President William Ruto, during a church service in Bomet on November 20, 2023, announced plans to export about 3,000 to 5,000 Kenyans to work abroad weekly. He believes this initiative will address several issues facing the country, including unemployment and declining foreign investments.
According to data from the Kenya National Bureau of Statistics, the country’s labor force grew by 3.6 percentage points to 24,985,164 people in 2022 from 24,116,304 in 2021. This growth does not account for aspects like underemployment. Approximately 1.4 million people are unemployed, resulting in a 5.5% unemployment rate. This issue is expected to worsen with the increasing number of graduates entering the job market.
The president’s announcement has generated both applause and skepticism, sparking debates among economists and scholars about the pros and cons of labor exportation. While the benefits to the countries receiving the labor are generally agreed upon, opinions vary on the advantages for the exporting country.
Examining the potential advantages of labor exportation, the China Belt & Road Initiative (BRI) serves as a notable example. Launched in 2013, the BRI is a vast infrastructure and economic development project involving collaboration between China and multiple countries across Asia, Europe, and Africa. In 2022, there were 592,000 Chinese workers overseas in the program.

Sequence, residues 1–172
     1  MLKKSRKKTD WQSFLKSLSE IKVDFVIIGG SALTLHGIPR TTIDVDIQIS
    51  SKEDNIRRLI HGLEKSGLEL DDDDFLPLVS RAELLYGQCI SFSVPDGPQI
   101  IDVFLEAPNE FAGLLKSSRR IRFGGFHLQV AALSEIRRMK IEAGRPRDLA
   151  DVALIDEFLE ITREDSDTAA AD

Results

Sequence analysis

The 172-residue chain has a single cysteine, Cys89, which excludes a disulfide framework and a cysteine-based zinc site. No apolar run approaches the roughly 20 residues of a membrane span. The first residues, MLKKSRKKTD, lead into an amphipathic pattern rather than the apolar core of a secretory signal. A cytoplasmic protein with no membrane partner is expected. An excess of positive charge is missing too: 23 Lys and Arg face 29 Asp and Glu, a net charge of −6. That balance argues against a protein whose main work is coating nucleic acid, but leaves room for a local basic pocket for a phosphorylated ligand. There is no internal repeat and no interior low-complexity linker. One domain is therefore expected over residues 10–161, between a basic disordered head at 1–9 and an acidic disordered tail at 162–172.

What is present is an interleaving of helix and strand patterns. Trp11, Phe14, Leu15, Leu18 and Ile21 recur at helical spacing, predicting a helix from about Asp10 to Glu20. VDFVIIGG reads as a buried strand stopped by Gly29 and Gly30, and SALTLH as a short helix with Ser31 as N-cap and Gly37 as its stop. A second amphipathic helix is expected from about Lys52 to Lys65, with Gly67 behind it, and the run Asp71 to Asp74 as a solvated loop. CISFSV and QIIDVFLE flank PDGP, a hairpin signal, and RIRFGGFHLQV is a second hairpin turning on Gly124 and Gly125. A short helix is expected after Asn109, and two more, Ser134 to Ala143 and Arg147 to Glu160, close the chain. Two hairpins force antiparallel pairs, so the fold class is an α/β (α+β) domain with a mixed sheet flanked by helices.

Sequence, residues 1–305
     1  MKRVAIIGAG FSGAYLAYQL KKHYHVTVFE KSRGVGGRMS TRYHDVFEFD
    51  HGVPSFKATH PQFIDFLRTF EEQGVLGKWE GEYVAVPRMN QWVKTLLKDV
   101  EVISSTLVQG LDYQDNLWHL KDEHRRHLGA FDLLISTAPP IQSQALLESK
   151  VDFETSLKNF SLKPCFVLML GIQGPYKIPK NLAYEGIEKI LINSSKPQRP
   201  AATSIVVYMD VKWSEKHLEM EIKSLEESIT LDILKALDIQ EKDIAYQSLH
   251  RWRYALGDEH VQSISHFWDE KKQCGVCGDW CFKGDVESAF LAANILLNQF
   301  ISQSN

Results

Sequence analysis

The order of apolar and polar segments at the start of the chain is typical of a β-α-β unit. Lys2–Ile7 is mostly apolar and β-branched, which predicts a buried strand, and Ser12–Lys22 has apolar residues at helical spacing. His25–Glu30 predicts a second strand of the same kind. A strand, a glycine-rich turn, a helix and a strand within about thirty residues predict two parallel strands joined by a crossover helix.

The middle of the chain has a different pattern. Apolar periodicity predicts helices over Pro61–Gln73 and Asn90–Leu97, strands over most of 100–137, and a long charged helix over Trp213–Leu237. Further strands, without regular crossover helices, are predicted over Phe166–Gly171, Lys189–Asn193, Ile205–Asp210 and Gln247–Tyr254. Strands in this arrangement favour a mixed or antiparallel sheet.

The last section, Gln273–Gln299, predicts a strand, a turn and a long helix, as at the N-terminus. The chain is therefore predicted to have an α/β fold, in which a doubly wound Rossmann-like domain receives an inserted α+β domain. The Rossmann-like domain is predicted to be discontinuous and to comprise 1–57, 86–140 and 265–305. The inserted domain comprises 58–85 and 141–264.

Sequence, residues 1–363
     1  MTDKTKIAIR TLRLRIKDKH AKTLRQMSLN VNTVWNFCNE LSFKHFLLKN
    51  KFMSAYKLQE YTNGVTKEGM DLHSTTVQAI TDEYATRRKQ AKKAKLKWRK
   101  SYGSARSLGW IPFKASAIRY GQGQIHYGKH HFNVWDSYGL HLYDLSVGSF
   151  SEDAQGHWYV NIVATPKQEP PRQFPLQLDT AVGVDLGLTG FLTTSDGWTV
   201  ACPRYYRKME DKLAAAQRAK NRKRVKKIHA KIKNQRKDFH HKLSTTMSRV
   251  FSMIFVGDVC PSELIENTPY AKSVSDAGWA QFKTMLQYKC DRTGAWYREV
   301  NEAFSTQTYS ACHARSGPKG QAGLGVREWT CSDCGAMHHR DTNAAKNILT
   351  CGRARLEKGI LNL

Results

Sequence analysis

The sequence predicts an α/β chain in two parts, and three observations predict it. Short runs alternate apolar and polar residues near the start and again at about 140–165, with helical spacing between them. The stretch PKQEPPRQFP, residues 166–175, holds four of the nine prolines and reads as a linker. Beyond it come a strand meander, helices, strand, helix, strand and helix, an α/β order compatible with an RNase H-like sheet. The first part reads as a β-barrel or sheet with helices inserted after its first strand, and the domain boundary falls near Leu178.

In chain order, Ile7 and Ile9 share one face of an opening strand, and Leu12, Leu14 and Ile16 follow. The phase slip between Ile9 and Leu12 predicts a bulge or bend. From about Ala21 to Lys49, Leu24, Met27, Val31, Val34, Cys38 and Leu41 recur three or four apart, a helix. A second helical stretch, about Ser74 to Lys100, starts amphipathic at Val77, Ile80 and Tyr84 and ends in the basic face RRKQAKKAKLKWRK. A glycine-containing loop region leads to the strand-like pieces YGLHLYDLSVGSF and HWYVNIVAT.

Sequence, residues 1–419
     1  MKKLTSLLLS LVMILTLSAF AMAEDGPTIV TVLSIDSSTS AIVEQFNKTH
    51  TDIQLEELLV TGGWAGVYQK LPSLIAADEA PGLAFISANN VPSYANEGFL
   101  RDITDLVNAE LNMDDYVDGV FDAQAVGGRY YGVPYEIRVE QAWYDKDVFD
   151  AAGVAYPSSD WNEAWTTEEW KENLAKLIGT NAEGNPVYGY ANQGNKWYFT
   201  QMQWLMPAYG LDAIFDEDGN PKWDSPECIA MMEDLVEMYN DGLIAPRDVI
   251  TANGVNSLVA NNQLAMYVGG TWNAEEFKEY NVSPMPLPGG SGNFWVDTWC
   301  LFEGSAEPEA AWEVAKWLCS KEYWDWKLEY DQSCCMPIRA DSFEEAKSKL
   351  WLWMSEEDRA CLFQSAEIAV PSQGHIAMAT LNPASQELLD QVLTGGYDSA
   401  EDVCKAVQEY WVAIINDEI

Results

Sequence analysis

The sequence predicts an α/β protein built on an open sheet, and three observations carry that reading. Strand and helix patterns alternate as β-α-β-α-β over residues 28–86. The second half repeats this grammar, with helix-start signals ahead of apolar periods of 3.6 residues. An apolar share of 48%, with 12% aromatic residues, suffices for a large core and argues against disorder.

The initiative’s success lies in strategic planning and meticulous implementation, emphasizing the diversification of skills and expertise. China exports a range of professionals, including engineers, technicians, and project managers, rather than relying solely on unskilled labor. Kenya must identify its niche to make a significant economic, diplomatic, and social impact when sending labor abroad.
However, a major downside of such programs is the challenge associated with worker exploitation and modern-day slavery. The United States’ Office to Monitor and Combat Trafficking in Persons reported issues such as forced labor, contract irregularities, threats, and poor working conditions among employees in similar programs. Reports of similar challenges in the Middle East to foreign workers are also prevalent. To address these concerns, Kenya must sign strong bilateral agreements with recipient countries, outlining clear terms and conditions of work. Additionally, a more stringent regulatory framework, monitoring, oversight, and a transparent complaints resolution mechanism should be established, along with robust engagements and feedback.
While labor exportation has the potential to alleviate unemployment and increase remittances, injecting foreign currency into the economy, strategic planning and learning from successful models like China’s BRI are crucial for Kenya to reap the desired benefits.
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